When it comes to food I am a bit conservative eater, I rarely surprise my taste buds. What my mum taught me as nice food is what I still consider to be nice food. Even the greens that I disliked back then now make it to the table thanks to worries to about my health. Like me, many of us think much about what we eat. For us food food cures hunger and that is good enough. But is it?
When you think about food beyond being a cure for hunger, you start to think of what is inside the food we consume and what that means. In other words the conversation moves from quantity to quality. From a full plate to a plate full of nutrients. This is a very crucial discussion to engage in especially when it hits you that around here those who are vulnerable when it comes to food security are often dealt a band hand as far as nutrition is concerned.
This therefore leaves us with a double dilemma of a hungry and also malnourished population. Realising the gravity of this concern, the Government of Rwanda joined hands with Africa Improved Foods Ltd (AIF) with the objective of improving the nutritional status of its population and the East African region in general. AIF is a consortium of four international partners; Royal DSM, Dutch development bank-FMO, CDC Group plc (the UK government’s Development Finance Institution) and IFC.
AIF set up a factory in Rwanda in 2016 to produce nutritious foods for vulnerable groups while at the same time boosting local farmers whose produce is used at the factory. The factory located in the Kigali Special Economic Zone uses local raw materials like maize and soya from local and regional suppliers with a current output of about 35,000 tonnes. the plan is to eventually produce 45,000 tonnes annually.
“The concept is that the staple food (maize and soya) should come from Rwanda and that we manufacture it here and sell it via the Government, World Food Programme and other partners.” – Fike Sijbesma, chief executive of Royal DSM.
During the launch of the factory the Minister for Agriculture and Animal Resources, Dr Geraldine Mukeshimana, pointed out the importance of sensitising the farmers on the significance of this factory and how they stand to benefit from its presence. This will certainly go a long way in getting more people to know the value of nutrition as far as food is concerned, the value of manufacturing and how it boosts the economy of Rwanda in terms of jobs, skills development and revenue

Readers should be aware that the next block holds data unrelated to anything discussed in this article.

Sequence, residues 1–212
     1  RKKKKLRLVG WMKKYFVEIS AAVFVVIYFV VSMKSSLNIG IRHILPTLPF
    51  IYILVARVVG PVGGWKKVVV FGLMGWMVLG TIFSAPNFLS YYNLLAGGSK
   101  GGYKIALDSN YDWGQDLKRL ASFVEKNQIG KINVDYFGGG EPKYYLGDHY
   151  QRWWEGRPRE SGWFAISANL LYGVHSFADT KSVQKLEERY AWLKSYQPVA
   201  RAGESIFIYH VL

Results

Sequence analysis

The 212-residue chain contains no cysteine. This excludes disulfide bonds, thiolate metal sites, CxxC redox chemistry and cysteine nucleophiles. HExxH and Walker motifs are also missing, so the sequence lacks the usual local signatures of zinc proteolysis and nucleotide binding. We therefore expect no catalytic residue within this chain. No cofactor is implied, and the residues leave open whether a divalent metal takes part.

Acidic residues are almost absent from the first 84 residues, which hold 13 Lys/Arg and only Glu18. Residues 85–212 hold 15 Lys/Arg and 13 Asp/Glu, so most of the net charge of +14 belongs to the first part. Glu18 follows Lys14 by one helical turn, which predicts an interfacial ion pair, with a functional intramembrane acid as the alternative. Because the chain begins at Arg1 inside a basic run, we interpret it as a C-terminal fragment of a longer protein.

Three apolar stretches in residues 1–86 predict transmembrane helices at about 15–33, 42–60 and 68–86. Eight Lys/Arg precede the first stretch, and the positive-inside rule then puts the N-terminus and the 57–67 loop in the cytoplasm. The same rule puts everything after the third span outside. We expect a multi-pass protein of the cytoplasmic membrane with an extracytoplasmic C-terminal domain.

Malnutrition is indeed a huge concern in Rwanda particularly among children under five. Some studies have put chronic malnutrition at 38% and resulting in stunting among children. AIF Rwanda’s response to this is to produce highly nutritious porridge flour with added milk, vitamins and minerals targeting pregnant and breast-feeding mothers, older infants and young children.
AIF produces a commercial product “Nootri” as well as Shisha Kibondo and Super cereal Plus. The products are for both the mother and the child in order to ensure a holistic solution to the nutrition challenges faced by infants. Since exclusive breastfeeding is recommended, the breastfeeding mothers must be in good health as well.
AIF also works with the World Food Programme to produce quality relief food products that are distributed in places like Somalia and South Sudan. The commercial products are exported to Uganda and the Democratic Republic of Congo among other regional markets.
When all is said and done, this is an initiative that already works with close to 10,000 local farmers, employs 230 people directly while at the same time elevating the food talk to a nutritious level for children and mothers in Rwanda and East Africa in general. If that does not taste nice then I don’t know what does.
“Our progress has been made possible by the favourable business environment in Rwanda and strong support from the government,” – AIF Rwanda CEO Amar Ali.